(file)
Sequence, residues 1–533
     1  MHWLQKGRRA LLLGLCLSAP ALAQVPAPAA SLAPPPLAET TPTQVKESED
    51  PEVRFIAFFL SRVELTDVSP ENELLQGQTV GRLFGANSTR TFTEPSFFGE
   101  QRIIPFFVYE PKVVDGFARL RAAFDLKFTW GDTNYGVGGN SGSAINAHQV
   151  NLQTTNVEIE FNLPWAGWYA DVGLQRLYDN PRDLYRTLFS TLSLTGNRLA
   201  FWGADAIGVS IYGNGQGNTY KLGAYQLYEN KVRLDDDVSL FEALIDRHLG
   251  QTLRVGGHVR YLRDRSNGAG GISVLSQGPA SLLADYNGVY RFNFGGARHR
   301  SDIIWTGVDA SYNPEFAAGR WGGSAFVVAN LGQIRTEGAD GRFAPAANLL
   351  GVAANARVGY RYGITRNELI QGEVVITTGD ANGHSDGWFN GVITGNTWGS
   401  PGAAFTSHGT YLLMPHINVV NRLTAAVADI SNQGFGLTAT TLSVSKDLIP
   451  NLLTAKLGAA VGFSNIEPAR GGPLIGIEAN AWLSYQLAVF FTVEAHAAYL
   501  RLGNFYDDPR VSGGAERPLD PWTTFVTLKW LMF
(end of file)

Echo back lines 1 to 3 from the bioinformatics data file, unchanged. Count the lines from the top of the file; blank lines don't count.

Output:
Sequence, residues 1–533
     1  MHWLQKGRRA LLLGLCLSAP ALAQVPAPAA SLAPPPLAET TPTQVKESED
    51  PEVRFIAFFL SRVELTDVSP ENELLQGQTV GRLFGANSTR TFTEPSFFGE